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Straight Edge Inspection Procedures

We Check the Edge Using a Granite Surface Plate as a Reference
The standard method for inspecting straight edges uses a certified granite surface plate with traceability to NIST standards. With the unit fully supported on the surface plate and resting on the qualified edge, we next check for any gaps between the two surfaces using a feeler gauge. The edge cannot be painted. Straight Edge is Fully Supported for Second Check
This method provides a visual indication of flatness and straightness plus measures the amount of deviation. This inspection orientation matches the normal position for most straight edge applications. Other physical dimensions will be checked using indicators, micrometers, or scales as appropriate for the tolerance indicated on the print. Unless otherwise specified, the perpendicularity from the edges to the adjacent sides is not inspected. Each straight edge must meet the tolerance specifications as indicated on the print.
We can also inspect the flatness and straightness of your straight edges using one of our optional inspection methods for an additional charge due to the extra set up time required. Our optional inpection methods are:
Option #1 - Unit supported on two points that are located 2/9 ths (22.2%) of the overall length from both ends. The edge cannot be painted. This method minimizes any deflection error in the unit during inspection. Additional Charge of $125.

Option #2 - Unit supported on the broad side with the qualified edge vertical (great for saw fences). Only one qualified edge is available with +/-0.00X the standard listed tolerance. Includes up to (4) 1/2" diameter mounting holes at your locations [+/- 1/32"]. The support surface and edge cannot be painted. Checked per your choice of either floating or restrained. Additional Charge of $200.

Usually it's a good idea to check the unit in the same orientation that you will be using the unit. The minor differences in results between inpection methods are a function of the mass, length, second moment of inertia, and Youngs modulus of elasticity for the material used in the unit.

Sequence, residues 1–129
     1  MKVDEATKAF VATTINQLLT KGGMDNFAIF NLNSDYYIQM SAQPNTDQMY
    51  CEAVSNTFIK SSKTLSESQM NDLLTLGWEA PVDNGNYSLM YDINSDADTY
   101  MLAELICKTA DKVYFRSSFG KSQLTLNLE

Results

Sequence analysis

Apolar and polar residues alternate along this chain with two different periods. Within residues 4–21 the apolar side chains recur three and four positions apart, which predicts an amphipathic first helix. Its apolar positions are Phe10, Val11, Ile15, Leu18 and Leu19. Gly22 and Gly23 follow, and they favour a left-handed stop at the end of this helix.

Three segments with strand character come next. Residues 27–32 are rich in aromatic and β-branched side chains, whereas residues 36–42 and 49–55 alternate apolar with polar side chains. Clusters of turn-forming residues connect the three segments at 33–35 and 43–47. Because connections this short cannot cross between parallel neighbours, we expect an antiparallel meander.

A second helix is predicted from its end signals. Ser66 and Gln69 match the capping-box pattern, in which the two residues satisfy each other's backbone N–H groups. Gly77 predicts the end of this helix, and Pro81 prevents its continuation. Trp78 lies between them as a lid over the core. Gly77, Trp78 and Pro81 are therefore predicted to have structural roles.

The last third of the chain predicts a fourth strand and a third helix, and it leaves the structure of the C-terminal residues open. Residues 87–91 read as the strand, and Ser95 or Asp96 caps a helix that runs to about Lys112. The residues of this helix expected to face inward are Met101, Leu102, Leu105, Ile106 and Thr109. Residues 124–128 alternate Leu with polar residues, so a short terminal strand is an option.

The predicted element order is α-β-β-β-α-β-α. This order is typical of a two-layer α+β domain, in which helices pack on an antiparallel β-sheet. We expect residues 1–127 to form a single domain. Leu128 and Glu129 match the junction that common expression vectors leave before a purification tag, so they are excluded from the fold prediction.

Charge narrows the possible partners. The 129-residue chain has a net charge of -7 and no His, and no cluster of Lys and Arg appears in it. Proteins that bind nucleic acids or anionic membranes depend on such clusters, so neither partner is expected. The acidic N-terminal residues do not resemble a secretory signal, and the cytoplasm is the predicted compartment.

We check all straight edges for the combination of flatness and straightness errors. This is sometimes called TIR or Total Indicator Reading. These terms are defined below:
   Flatness - all points on the indicated surface must lie in a single plane within the specified tolerance zone. Flatness is a measure of the difference between the closest point and farthest point from the reference plane. Flatness covers an entire surface and measures the degree to which it approximates a mathematical plane.
  Straightness - all points on the indicated surface must lie in a straight line within the specified tolerance zone. It measures whether the edge of an object varies from a straight line that extends continuously in the same direction without curving.
In addition to flatness and straightness, for units purchased with two qualified edges, we also check parallelism with a micrometer. This term is defined below:
  Parallelism - all points on the indicated surface must line in single plane parallel to the designated datum plane within the specified tolerance zone. Two or more lines or planes, extending in the same direction and everywhere equidistant from each other are parallel to each other if they never meet when projected out into infinity
Certification of Inspection
Upon completion of the inspection process the certification form is completed. This quality certification document references the serial number on the end of the straight edge to a NIST reference for accountability purposes. The recommended time between inspections for straight edges is normally 2 years.